9 Steps on How to Choose Paint Colors for Your Home Interior

9 Steps on How to Choose Paint Colors for Your Home Interior

Interior Design

Color is fabulous, but fickle! Before you pick up a paintbrush, let’s consider these following steps to help you save time, money, tears and above all, aggravation and frustration!

Step 1: Plan your Approach

Let’s begin by envisioning the finished look and how it makes you feel. When selecting paint, you need to consider the furniture, curtains, walls, floors, and doors to create a harmonious finish. But first, take a couple of photos of your room. That way, you can visualize how the colors and tones will look in the space.

Your walls will undoubtedly be the primary source of color in the room unless you are leaving them in neutral tones to highlight the colors used elsewhere. Lighting, whether natural or artificial, will play a key factor in your final color selections so don’t overlook this very important aspect. 

On the other hand, you may be using color to change the shape and size of a room. Remember you're not limited to an entire room in the same color. Instead, consider painting an accent wall in a bold hue or highlighting moldings in a contrasting shade or finish. And don't forget to look at and think about the ceiling.

Step 2: Consider the Floor

The color of your carpets or flooring will influence how the color of your paint is perceived, and lighter colored walls will reflect the color of your flooring.

Step 3: Fabric Selections 

Upholstery and drapery should be considered when determining what paint colors you may prefer. The combinations will cause the overall desired flow and balance in your space.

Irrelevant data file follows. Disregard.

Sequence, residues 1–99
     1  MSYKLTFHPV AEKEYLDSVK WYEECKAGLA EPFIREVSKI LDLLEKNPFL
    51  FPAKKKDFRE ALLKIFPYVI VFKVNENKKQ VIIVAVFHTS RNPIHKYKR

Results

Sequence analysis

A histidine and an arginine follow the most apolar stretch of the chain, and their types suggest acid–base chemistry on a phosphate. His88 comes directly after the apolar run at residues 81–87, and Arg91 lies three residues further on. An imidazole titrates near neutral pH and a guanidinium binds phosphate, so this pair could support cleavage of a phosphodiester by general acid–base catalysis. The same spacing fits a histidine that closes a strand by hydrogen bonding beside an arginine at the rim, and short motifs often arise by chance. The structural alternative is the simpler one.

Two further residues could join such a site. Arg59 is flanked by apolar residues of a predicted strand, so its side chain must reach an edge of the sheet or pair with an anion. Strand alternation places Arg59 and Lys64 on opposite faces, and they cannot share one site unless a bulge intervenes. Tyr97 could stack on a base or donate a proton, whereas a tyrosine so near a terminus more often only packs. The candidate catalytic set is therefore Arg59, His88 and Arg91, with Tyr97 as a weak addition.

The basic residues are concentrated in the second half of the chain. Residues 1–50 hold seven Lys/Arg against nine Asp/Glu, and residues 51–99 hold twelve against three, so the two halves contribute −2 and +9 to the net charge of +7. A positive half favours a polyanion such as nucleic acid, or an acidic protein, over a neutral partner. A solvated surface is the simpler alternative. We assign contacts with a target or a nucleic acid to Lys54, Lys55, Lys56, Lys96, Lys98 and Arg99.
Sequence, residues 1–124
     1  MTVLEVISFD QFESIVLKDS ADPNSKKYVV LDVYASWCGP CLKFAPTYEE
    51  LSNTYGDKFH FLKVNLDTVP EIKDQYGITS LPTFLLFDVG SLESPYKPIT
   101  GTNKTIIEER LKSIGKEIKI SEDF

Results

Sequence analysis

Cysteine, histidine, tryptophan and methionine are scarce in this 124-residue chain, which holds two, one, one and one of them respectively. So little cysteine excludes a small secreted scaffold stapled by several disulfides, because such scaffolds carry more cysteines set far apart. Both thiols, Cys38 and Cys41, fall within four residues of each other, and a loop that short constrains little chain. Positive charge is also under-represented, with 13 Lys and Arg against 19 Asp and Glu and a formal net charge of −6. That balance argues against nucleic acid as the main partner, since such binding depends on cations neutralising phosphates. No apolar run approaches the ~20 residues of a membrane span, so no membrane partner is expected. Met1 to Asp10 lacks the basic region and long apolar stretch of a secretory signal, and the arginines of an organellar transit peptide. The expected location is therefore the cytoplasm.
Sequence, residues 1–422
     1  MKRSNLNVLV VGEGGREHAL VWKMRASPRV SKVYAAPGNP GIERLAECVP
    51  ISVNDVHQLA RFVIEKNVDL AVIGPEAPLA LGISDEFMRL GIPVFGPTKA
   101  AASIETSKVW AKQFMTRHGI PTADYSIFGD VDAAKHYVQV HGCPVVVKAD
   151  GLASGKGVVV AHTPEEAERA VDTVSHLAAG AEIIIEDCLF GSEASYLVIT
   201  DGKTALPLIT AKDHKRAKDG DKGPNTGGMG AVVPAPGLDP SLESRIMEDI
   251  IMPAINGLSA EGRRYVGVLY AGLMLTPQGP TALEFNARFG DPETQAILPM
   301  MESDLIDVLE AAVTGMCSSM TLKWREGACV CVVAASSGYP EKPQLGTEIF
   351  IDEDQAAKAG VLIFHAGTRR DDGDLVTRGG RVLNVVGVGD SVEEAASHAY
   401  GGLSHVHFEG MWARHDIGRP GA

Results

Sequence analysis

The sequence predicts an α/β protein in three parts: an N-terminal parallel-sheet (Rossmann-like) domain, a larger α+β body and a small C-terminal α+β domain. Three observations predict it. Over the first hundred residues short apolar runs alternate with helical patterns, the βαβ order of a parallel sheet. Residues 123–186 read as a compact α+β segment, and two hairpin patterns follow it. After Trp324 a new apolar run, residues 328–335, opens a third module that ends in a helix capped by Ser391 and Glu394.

Step 4: Prioritize Your Lighting

Lighting (natural or artificial) plays a significant role in the color rendering of every room. Color Rendition (CRI) is the term used to describe the degree to which an object or surface color (walls, ceiling, furniture, etc.) seems "normal" when viewed under artificial light.

Color change from lighted area to shadow
Color change from lighted area to shadow. The left wall appears to be painted black.

The color on the walls pictured above is the same. The difference in the color is the lighting or absence of it. Notice the gradual change as you move away from the light?

Natural light streaming through your windows displays the most accurate representation of colors.

When relying on artificial lighting, look at the color temperature measured in Kelvins (K), which rates color tones. The Lower temperatures indicate warmer tones. Conversely, higher temperature bulbs emit cool tones and represent more natural lighting.

Left Side - Natural Lighting | Right Side - Warm Lighting
Left Side - Natural Lighting | Right Side - Warm Lighting (SOURCE: True Value)

Step 5: Determine How Much Paint You Will Need

Before you buy paint, find out exactly how much you'll need. A gallon of paint will typically cover 400 square feet. Precise paint needs will vary according to many factors, including application method and existing wall color and texture. Many paint companies provide paint calculators on their websites to make things easier.